IRS Identity Theft Investigations Down 75 Percent Since 2012
A new audit from the Treasury Inspector General for Tax Administration (TIGTA) finds that IRS identity theft investigations by the Criminal Investigations unit declined by 75% between 2013 and 2017. During that same time, the number of special agents also declined by 15%.
Overall, investigations initiated by the Criminal Investigations unit declined 43% during the same time period.
The Inspector General’s report says the audit was set in motion after the IRS CI annual report for Fiscal Year 2018 stated that resources devoted to identity theft cases would be reduced in favor of traditional tax work and “bringing the most sophisticated tax cases to the U.S. Department of Justice for prosecution.”
IRS identity theft investigations get started in two ways: the Criminal Investigations unit can identify a suspected incident; and incidents can be reported by taxpayers. For taxpayer-initiated incidents, taxpayers contact the IRS to report that, after filing their tax return, they received a notice that the return was rejected because someone (an identity thief) already filed a return using the same Social Security Number and name.
TIGTA’s audit found that many incidents reported by taxpayers were not placed into CI’s Scheme Tracking Referral System (STARS) for consideration in the department’s scheme development process.
The report uses the example from 2016, when 98,773 taxpayer-initiated identity returns were processed but not placed in the STARS system. By not including those returns, CI may have limited its ability to identify fraud characteristics for returns that bypass IRS filters for possible investigation, the audit found.
The audit also found that the flow of information needs improvement, especially when other IRS units seek to refer identity theft allegations to Criminal Investigations. Given the requirement that it is the duty of every federal employee to report fraud to the proper authorities, those “proper authorities” should have an effective process to receive the referrals.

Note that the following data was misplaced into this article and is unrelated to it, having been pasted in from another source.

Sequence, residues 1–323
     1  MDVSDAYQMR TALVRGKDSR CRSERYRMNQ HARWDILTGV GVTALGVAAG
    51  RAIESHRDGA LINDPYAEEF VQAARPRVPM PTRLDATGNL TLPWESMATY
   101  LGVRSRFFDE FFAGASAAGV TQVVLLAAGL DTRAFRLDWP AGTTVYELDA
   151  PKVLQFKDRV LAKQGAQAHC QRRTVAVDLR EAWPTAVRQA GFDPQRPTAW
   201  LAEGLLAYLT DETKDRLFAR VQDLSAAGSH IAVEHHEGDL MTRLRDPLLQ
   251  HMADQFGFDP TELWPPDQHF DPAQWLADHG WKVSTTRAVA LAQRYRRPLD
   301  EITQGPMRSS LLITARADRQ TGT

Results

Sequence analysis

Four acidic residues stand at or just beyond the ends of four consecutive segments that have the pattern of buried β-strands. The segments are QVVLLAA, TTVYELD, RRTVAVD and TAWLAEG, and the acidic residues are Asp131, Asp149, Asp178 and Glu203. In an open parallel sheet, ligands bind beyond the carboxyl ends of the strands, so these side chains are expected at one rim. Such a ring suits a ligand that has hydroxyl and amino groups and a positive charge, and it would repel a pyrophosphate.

From the Inspector General’s report:
“Other functions inside the IRS that interact with identity theft victims have useful information about identity theft and refund fraud. If CI took steps to harness an effective partnership with other IRS functions, CI could increase the quality and quantity of its investigations. While there is a CI referral process for compliance functions, there is no referral process for other employees who work with identity theft cases such as the Taxpayer Advocate Service and the Wage and Investment (W&I) Division’s Identity Theft Victims Assistance organization (IDTVA).”
The audit report recommends that the chief of the Criminal Investigations unit request that the Commissioner of the Wage and Investment Division develop a process to make taxpayer-initiated cases available for scheme development and case consideration by CI.
A process was also requested for IRS employees who work identity theft cases, such as the Taxpayer Advocate Service and the W&I Division’s IDTVA to submit identity theft referrals and fraud referrals to Criminal Investigations.
CI partially agreed to request an assessment of the STARS database for taxpayer-initiated returns, but disagreed with developing a process with TAS and the W&I Division to submit referrals to CI. The IRS agreed with TIGTA’s recommendation that the National Taxpayer Advocate finalize pending guidance on identity theft referrals.